US manufacturing output beats November estimates as car factories continue to shine through the pandemic
- US factory output rose more than expected in November, largely buoyed by strong auto manufacturing.
- Manufacturing output climbed 0.8% last month, according to Federal Reserve data. Economists surveyed by Bloomberg expected a 0.4% gain.
- Motor vehicle and part production leaped 5.3% in November, marking the first monthly gain since July. The industry counted for roughly half of overall output growth last month, according to the Fed.
- Manufacturing activity has largely held up better than the service industry as COVID-19 cases climb to record highs and cities re-enter partial lockdowns.
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US factory output gained more than expected in November as auto manufacturing continued to outperform despite rising COVID-19 cases.
Manufacturing output rose 0.8% last month, according to Federal Reserve data published Tuesday. Economists surveyed by Bloomberg expected a 0.4% climb. Industrial production grew 0.4% and now sits roughly 5% below its pre-pandemic highs.
Motor vehicle and part production leaped 5.3% through November, marking its first month of growth since July. Auto manufacturing and sales fueled strong economic growth through the summer before slowing modestly into the fall. The industry counted for roughly half of overall output growth in November.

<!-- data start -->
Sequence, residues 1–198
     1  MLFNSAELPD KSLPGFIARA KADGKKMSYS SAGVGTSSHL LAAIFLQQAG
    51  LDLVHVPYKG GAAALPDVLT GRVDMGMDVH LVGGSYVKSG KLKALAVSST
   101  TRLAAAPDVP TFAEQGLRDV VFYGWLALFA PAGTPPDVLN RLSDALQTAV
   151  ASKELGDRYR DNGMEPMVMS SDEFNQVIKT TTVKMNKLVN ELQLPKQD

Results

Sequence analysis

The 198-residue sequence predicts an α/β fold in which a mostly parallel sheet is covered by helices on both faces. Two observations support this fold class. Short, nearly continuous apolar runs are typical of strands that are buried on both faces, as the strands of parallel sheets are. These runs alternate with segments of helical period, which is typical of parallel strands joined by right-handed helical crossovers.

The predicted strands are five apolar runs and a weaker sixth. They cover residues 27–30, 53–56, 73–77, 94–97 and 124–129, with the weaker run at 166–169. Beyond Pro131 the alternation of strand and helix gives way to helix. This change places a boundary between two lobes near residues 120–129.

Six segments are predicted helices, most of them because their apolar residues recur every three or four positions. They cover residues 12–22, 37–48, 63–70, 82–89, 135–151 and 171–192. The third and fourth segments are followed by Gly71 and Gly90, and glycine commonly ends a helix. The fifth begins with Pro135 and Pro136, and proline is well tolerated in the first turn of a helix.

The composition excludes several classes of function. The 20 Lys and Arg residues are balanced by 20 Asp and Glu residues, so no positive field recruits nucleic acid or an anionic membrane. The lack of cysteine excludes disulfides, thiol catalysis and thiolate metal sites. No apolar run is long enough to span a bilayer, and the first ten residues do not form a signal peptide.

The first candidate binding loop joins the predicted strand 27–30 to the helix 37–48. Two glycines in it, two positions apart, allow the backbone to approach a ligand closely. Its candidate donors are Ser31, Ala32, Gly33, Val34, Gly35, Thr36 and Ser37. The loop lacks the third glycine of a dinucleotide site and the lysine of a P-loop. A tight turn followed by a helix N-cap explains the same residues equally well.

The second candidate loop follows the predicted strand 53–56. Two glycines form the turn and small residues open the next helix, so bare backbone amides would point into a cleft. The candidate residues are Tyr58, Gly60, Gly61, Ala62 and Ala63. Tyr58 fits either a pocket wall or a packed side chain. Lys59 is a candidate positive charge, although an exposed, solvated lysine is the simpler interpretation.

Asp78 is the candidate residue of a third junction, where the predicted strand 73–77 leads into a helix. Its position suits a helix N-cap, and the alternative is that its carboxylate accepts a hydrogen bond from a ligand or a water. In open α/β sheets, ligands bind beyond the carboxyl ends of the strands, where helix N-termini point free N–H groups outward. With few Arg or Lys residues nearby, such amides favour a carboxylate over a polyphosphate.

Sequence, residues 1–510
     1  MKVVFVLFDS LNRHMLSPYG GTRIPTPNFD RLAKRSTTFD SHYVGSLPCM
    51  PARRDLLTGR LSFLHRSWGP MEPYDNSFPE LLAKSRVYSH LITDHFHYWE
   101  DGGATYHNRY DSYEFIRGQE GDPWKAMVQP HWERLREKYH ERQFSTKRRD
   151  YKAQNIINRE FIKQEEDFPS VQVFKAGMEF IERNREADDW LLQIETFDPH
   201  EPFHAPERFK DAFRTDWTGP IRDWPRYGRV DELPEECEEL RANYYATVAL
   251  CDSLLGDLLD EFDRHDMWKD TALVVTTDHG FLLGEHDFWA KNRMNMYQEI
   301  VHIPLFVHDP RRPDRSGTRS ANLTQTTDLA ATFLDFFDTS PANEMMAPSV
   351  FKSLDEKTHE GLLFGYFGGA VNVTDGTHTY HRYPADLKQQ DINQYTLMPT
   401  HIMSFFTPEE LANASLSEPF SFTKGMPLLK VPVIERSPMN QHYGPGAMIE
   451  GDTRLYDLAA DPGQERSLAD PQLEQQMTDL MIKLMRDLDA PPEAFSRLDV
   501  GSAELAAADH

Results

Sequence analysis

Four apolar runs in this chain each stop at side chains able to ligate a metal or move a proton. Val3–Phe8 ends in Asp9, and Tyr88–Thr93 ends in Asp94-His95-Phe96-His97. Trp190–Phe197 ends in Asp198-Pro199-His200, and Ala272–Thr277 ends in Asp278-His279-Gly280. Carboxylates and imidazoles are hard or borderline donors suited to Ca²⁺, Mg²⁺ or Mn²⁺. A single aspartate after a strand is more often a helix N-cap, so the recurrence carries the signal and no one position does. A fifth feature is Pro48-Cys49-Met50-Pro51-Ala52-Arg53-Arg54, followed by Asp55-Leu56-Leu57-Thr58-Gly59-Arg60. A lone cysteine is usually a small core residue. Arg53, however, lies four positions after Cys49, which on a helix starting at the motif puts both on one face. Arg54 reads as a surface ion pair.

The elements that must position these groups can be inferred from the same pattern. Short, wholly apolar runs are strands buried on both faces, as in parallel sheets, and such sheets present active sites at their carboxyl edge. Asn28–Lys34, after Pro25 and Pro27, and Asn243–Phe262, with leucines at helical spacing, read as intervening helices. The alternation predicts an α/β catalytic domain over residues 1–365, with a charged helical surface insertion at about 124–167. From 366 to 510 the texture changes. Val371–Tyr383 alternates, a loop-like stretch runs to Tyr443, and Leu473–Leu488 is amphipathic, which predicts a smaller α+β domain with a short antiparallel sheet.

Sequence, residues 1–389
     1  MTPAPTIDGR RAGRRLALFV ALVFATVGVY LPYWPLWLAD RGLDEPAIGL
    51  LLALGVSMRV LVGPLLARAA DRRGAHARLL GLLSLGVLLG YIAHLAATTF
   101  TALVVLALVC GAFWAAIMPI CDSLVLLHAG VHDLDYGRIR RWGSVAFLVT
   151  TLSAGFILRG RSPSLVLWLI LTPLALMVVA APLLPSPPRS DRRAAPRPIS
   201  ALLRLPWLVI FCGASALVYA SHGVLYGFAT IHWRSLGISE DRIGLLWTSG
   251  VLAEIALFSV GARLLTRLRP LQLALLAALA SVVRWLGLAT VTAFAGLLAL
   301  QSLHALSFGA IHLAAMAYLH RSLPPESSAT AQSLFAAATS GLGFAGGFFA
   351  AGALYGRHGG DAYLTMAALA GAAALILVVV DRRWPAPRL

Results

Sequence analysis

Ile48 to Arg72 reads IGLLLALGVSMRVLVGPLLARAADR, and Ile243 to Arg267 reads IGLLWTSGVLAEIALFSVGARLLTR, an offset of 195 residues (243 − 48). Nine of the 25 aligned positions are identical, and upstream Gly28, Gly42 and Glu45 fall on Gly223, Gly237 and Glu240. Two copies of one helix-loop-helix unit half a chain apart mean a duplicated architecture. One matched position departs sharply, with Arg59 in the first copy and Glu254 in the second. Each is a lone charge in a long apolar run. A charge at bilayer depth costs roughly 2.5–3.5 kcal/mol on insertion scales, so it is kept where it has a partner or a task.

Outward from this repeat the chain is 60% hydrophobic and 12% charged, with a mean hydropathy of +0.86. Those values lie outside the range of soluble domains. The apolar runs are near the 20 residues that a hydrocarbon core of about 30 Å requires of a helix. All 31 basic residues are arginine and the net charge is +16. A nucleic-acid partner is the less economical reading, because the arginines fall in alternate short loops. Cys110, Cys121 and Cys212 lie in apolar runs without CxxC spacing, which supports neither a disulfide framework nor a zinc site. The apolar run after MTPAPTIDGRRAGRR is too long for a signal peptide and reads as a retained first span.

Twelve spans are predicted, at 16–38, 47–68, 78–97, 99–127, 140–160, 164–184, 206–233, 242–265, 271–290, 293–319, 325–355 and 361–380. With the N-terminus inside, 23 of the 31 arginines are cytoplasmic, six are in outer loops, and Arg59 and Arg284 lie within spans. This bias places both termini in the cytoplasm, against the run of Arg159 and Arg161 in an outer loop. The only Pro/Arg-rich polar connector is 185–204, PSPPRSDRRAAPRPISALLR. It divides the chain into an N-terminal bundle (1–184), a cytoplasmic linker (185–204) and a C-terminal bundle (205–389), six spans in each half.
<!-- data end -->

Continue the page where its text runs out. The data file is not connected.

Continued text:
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Paper and aerospace manufacturing also grew at healthy rates last month. Utilities output slowed as warmer-than-usual temperatures cut into heating demand, according to the Fed.
"The recovery in overall industrial production and manufacturing output specifically have been partial, even though there has been strong growth reported in recent months," Daniel Silver, an economist at JPMorgan, said.
US manufacturing has mostly recovered faster than other pockets of the economy. Factory reopenings in the spring saw production bounce back before growing at a more moderate pace. The steady climb to pre-pandemic strength has been far more encouraging than the service industry's more turbulent pace of recovery.
Factories are also seemingly more insulated from rising COVID-19 cases. The US reported 193,384 new cases on Monday, according to The COVID Tracking Project. The prolonged climb in cases and virus hospitalizations has prompted several state and city governments to reinstate lockdown measures. Such policies have slammed service industries, but the Tuesday Fed data suggest manufacturing is holding up well through the pandemic's latest wave.
Separately, the Federal Reserve Bank of New York's gauge of state manufacturing gained for a sixth-straight month in December, albeit at a slowing pace. The Fed's business conditions index fell to 4.9 from 6.3, landing slightly below economist expectations. Readings above zero reflect sector growth, while negative readings signal contraction.
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